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Death by caffeine really is a thing, if you’re susceptible

Sadly, tragic news has emerged that a man in the United Kingdom recently died from caffeine overdose. John Jackson was 40 years old. What makes this unfortunate death worrying is that it was due to consumption…

A caffeine boost is part of the pleasurable effect of a good cup of coffee. Bug/Flickr

Sadly, tragic news has emerged that a man in the United Kingdom recently died from caffeine overdose. John Jackson was 40 years old.

What makes this unfortunate death worrying is that it was due to consumption of caffeine-laced mints. Misfortune can strike us in many ways, but we generally don’t expect a tin of sweeties to be our downfall.

I’ve written about death by caffeine before, but this particular tragedy involves a different aspect of one of the key themes of my blog and toxicology generally – the dose makes the poison.

How much is too much?

Everyone knows that caffeine is a stimulant and heightens alertness; this caffeine boost is part of the pleasurable effect of a good cup of coffee.

Caffeine also makes the heart beat faster and stronger, and high concentrations can cause severe heart problems (among other things), and even death. But despite widespread consumption of caffeine-containing drinks and caffeine pills, death by caffeine overdose is extraordinarily rare.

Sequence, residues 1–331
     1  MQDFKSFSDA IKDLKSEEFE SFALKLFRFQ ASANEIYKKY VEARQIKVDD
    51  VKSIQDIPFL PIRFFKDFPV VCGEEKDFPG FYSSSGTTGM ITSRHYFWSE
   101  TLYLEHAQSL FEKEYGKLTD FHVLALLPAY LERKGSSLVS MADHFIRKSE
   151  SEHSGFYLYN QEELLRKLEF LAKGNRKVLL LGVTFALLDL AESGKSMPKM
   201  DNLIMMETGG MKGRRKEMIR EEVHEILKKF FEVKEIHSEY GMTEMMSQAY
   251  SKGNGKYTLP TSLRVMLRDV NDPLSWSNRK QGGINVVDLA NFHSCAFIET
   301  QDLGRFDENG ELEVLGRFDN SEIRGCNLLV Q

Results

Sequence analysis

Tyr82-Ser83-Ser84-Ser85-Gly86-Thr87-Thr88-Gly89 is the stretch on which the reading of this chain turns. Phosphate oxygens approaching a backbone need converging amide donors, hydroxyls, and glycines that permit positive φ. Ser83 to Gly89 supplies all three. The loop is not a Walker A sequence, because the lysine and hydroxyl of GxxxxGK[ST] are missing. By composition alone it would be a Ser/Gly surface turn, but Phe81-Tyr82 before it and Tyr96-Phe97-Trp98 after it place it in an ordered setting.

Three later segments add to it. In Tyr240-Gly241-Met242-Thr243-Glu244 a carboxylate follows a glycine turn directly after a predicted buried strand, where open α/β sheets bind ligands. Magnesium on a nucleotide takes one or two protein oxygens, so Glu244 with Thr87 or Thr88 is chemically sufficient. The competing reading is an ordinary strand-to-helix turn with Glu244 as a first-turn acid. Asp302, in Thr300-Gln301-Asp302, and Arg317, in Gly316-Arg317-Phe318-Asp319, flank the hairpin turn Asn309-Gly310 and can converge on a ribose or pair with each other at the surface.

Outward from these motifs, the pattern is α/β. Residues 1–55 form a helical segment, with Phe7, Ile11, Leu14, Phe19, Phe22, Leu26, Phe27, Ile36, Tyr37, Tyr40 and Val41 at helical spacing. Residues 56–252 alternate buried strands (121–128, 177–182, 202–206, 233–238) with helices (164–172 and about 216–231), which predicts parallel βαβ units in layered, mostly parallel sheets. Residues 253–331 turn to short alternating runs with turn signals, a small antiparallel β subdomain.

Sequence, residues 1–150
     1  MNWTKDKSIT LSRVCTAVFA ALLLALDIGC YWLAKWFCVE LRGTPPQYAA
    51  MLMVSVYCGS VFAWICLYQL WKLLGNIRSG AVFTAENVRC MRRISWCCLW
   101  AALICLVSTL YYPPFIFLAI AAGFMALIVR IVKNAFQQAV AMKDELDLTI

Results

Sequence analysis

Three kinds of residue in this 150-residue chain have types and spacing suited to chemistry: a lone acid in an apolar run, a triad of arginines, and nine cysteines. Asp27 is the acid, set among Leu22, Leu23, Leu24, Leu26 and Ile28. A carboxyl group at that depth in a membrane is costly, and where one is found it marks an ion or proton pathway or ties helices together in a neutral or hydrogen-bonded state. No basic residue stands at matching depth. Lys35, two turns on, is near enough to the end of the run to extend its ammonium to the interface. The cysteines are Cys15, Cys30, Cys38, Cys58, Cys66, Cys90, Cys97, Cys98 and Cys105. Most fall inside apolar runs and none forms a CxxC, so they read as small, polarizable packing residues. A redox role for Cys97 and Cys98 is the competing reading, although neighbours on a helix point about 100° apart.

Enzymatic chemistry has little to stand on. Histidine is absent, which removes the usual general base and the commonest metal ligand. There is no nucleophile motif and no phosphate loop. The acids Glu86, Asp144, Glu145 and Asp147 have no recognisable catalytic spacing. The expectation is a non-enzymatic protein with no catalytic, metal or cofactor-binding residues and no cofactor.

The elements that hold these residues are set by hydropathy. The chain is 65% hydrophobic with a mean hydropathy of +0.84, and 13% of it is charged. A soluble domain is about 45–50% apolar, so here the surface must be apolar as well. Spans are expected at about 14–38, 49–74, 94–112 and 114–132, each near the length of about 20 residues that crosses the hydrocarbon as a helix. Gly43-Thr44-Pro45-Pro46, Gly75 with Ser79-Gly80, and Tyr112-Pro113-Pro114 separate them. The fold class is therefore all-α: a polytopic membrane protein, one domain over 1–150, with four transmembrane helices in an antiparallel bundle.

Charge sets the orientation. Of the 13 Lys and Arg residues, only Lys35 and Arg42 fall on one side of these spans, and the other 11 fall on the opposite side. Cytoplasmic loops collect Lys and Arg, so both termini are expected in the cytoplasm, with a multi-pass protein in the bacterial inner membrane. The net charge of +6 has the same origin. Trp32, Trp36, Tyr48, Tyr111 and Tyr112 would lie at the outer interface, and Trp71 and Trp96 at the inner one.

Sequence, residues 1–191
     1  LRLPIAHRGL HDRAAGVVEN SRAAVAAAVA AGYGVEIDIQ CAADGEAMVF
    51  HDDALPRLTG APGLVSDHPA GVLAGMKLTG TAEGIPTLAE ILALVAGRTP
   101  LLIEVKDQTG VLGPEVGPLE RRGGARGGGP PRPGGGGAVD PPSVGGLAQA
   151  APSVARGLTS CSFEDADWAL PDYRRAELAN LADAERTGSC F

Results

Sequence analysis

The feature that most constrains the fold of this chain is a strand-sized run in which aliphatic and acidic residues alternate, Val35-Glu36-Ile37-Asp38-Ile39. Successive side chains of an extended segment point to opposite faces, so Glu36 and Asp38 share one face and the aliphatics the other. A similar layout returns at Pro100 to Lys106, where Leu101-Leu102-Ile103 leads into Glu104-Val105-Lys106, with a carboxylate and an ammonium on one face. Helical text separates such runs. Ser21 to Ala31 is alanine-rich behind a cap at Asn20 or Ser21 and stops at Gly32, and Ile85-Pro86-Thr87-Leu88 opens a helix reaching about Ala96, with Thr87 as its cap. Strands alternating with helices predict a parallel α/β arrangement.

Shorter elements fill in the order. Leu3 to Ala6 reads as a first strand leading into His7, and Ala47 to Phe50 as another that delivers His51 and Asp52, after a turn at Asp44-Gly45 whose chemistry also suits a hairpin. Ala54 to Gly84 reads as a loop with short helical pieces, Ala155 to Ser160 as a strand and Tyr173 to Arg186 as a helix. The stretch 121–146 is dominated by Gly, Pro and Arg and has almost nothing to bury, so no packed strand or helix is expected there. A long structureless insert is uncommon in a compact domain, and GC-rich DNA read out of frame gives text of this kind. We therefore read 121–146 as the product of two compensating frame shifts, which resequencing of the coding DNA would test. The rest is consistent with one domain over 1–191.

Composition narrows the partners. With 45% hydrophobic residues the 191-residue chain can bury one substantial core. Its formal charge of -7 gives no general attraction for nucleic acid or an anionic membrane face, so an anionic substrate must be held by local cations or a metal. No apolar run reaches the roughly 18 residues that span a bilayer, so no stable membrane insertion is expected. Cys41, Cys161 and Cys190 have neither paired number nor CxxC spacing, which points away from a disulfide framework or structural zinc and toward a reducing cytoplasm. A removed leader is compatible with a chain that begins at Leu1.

In this particular case, the deceased had consumed an entire tin of caffeine-containing mints. Each individual mint contained 80 milligrams of caffeine, about the same amount as in some moderate-level energy drinks.

Consuming the whole tin of the mints is like consuming 12 cans of a moderate-level energy drink, one after the other.

Sumeet Mulani

But is that enough to kill you? The handy website Death by Caffeine, where you can find out how many cans of energy drink, cups of coffee or bars of chocolate you will need to consume before expiring, suggests that a 70-kilogram person would need to drink 132 cans of a beverage containing 80 milligrams of caffeine (or a similar number shots of espresso coffee) to die of an overdose.

If that’s correct, then Jackson should have had a tenfold safety margin, so what went wrong?

Underlying susceptibilities

Sensitivity to caffeine and our ability to break it down varies between people. A recent report about energy drinks in the MJA found that people drinking no more than the recommended amount of energy drinks showed significant signs of toxicity (such as palpitations, and even parts of their heart muscle dying).

No one featured in the report actually died, but the average caffeine-containing energy drink consumption of people presenting to the emergency department was between three and eight cans.

These levels are on the threshold of caffeine intoxication, and should only be associated with mild symptoms. They demonstrate that some people are more susceptible to caffeine intoxication.

There are a number of reasons for this susceptibility, such as having an underlying heart condition. But in Jackson’s case, the most likely culprit was his liver.